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Discussion Starter · #1 · (Edited)
My 2013 FoST has ~ 63K miles, and while I know the recommended service interval for coolant is 100K miles, I'd like to change it a little on the early side.

The shop manual says to use a vacuum fill tool, but my home garage does not have shop air (and I'd like to avoid getting shop air, even just one of those little compressor thingies...).

So, my question is whether the vacuum fill is required or just a nice-to-have? IOW, does the system self-bleed when the thermostat is open?

TIA,
Mark

:: EDIT :: Coolant Change Done - Some Notes for First-Timers
Editing my own post here to say for sure that a vacuum fill is not needed, but...

Draining from the radiator petcock leaves about a half-quart of coolant still in the system. And that's even with the system up to full temperature (thermostat open) and the heat set on full.

I refilled with distilled water and drained again -- and did this three times, each fill taking a little under a gallon -- before the drain fluid started coming out nearly clear.

Since I knew from what I was filling and what I had drained (I had a graduated bucket) that there was about a half quart of distilled water in the system, I filled with 1/2 quart of Concentrated coolant, and then the rest with Pre-Diluted coolant.

I then took three drives of a few miles each and topped off about a finger's height.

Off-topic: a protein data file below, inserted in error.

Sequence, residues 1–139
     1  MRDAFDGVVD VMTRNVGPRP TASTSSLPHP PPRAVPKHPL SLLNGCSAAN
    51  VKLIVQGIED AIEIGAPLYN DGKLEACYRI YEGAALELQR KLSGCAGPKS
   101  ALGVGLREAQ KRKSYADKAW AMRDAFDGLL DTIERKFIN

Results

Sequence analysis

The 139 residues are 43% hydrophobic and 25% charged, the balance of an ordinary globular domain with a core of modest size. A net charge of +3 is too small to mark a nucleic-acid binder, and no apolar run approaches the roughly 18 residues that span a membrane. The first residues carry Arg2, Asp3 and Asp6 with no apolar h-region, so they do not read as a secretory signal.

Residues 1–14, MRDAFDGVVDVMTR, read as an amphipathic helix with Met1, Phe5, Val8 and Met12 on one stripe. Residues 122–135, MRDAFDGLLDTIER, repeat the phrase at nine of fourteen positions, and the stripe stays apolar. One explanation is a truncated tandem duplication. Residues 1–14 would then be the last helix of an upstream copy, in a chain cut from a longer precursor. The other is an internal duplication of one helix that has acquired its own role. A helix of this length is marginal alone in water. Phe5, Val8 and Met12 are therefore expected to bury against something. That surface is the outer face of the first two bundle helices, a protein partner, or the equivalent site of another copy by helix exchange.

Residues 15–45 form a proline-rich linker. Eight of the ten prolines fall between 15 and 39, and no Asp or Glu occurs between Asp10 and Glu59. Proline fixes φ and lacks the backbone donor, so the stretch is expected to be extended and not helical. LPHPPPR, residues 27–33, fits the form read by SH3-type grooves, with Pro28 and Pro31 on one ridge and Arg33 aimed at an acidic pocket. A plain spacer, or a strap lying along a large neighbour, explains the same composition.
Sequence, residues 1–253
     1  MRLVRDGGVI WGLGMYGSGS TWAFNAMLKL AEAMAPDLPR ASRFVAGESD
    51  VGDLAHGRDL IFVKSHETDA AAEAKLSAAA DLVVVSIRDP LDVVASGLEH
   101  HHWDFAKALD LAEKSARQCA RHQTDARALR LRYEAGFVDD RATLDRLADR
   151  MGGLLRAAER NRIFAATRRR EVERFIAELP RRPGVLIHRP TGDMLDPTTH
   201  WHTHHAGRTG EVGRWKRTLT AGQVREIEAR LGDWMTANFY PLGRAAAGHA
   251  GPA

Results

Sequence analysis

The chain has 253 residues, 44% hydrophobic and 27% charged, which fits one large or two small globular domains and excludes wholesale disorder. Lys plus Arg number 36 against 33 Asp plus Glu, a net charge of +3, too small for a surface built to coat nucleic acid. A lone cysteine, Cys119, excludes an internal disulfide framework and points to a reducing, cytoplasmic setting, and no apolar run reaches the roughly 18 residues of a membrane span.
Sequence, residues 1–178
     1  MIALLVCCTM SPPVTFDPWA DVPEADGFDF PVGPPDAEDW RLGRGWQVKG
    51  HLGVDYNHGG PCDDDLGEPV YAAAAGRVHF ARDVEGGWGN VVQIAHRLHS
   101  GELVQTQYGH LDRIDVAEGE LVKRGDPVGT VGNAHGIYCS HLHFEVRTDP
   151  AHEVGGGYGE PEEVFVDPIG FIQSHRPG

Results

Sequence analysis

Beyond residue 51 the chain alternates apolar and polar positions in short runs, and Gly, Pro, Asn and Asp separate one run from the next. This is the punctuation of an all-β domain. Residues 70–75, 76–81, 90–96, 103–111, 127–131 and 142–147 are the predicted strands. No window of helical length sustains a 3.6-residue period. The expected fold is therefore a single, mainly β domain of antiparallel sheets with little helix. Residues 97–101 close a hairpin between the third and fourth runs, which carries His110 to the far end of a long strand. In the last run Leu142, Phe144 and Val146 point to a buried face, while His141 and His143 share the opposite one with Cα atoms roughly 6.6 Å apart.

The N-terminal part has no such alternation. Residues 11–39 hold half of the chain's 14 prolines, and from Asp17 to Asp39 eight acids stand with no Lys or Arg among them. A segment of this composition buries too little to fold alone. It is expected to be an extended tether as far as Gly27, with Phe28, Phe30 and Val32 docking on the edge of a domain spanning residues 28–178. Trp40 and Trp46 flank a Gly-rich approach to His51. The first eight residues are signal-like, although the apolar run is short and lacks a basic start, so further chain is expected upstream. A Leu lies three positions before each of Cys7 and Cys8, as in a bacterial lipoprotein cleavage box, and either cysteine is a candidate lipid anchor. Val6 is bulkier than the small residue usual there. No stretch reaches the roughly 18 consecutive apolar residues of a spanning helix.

Overnight the fill had dropped less than 1/4" below where I had left it the night before, so I topped off before heading in to work.

Assuming nothing goes awry in the next few days that's that!

One thing about the petcock:
It's a bit tricky to close. Mine opens fully at between 1/2 and 3/4 of a turn. But then to close it, you have to actually press the petcock in a bit to engage it, and that can only be done when it has been opened 3/4 and/or 1 1/4 turn. Note that this is for the petcock that empties sideways; the Helm manual shows a downward-draining petcock that the manual says requires four turns to open. YMMV.
 

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Not needed. I drained coolant when I did turbo swap. Refilled with dexcool and just did a normal refill and burping procedure. The vacuum assist prob helps the dealership ensure there’s no air bubbles before they send the car back to the customer.
 

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Vacuum filling is a nice option, especially for a flat rate tech as its faster, and usually no issues with air pockets. With that said, being a tech, ive always preferred to do it the old school way, manually filling and burping. It only takes me a little longer, but Ive never had issues my way so I like to stick with what works.
 
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